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Spinal orexin-1 receptors mediate anti-hyperalgesic effects of intrathecally-administered orexins in diabetic neuropathic pain model rats.
Brain Res. 2005 May 17; 1044(1):76-86.BR

Abstract

Orexin-A and orexin-B are endogenous ligands of orexin receptors that contain orexin-1 and orexin-2. Activation of the orexinergic system can produce antinociceptive effects in acute inflammatory, mono-neuropathic, and postoperative pain animal models, though the effects of orexins on diabetic neuropathic pain have not been previously investigated. In this study, we studied the anti-hyperalgesic effects of intrathecally administered orexins in a streptozotocin-induced diabetic rat. First, dose-dependent effects were investigated by measuring hind paw withdrawal thresholds in response to noxious-heat and punctate stimuli, after which orexin levels in the cerebrospinal fluid of diabetic rats were measured and compared with those of normal rats using a radioimmunoassay method. The functional role of spinal orexin-1 receptors with the anti-hyperalgesic effects of orexins was also investigated using intrathecal pretreatment with SB-334867, a selective orexin-1 receptor antagonist. Intrathecally administered orexins produced an antinociceptive effect in diabetic rats, however, not in normal rats, though the orexin levels in the cerebrospinal fluid of diabetic rats were similar to those in normal rats. In addition, the anti-hyperalgesic effects of orexins were significantly inhibited by pretreatment with SB-334867. These findings demonstrate that the anti-hyperalgesic effects of orexins in diabetic rats are unlikely due to any direct effect by the supplement on decreased endogenous orexins in the cerebrospinal fluid and that orexin-1 receptors in the spinal cord may be involved in the modulation of nociceptive transmission in diabetic neuropathy. We conclude that the spinal orexinergic system may be a possible target for elucidating the mechanisms of diabetes-induced hyperalgesia.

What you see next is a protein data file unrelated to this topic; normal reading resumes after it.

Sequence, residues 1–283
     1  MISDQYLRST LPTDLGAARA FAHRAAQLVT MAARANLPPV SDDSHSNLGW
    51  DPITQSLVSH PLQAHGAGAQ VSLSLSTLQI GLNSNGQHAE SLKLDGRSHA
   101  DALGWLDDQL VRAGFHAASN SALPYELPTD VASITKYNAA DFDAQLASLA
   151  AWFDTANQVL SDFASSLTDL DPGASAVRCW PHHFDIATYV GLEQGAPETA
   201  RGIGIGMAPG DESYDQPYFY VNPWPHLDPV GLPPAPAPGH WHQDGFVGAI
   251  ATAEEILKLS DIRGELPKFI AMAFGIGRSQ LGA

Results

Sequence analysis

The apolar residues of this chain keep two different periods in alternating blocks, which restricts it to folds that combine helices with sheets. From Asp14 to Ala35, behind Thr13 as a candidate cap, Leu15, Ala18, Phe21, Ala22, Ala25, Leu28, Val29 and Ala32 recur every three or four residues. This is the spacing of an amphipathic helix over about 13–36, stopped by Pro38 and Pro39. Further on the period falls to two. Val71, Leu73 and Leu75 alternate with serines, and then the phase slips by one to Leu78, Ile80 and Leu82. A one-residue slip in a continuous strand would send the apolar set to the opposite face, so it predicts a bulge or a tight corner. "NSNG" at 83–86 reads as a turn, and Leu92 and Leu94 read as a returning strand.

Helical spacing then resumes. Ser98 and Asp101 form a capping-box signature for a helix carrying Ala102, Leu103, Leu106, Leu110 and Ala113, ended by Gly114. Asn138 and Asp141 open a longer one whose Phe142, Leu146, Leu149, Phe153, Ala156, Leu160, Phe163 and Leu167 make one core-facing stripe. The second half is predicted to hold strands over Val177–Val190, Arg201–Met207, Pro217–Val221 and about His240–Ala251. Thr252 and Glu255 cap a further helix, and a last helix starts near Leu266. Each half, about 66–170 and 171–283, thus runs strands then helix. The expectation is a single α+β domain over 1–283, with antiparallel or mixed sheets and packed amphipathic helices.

Authors+Show Affiliations

Division of Clinical Medical Science, Department of Anesthesiology and Clinical Care, Graduate School of Biomedical Sciences, Hiroshima University, 1-2-3 Kasumi, Hiroshima 734-8551, Japan.No affiliation info availableNo affiliation info availableNo affiliation info availableNo affiliation info availableNo affiliation info availableNo affiliation info available

Pub Type(s)

Comparative Study
Journal Article
Research Support, Non-U.S. Gov't

Language

eng

PubMed ID

15862792

Citation

Kajiyama, Seiji, et al. "Spinal Orexin-1 Receptors Mediate Anti-hyperalgesic Effects of Intrathecally-administered Orexins in Diabetic Neuropathic Pain Model Rats." Brain Research, vol. 1044, no. 1, 2005, pp. 76-86.
Kajiyama S, Kawamoto M, Shiraishi S, et al. Spinal orexin-1 receptors mediate anti-hyperalgesic effects of intrathecally-administered orexins in diabetic neuropathic pain model rats. Brain Res. 2005;1044(1):76-86.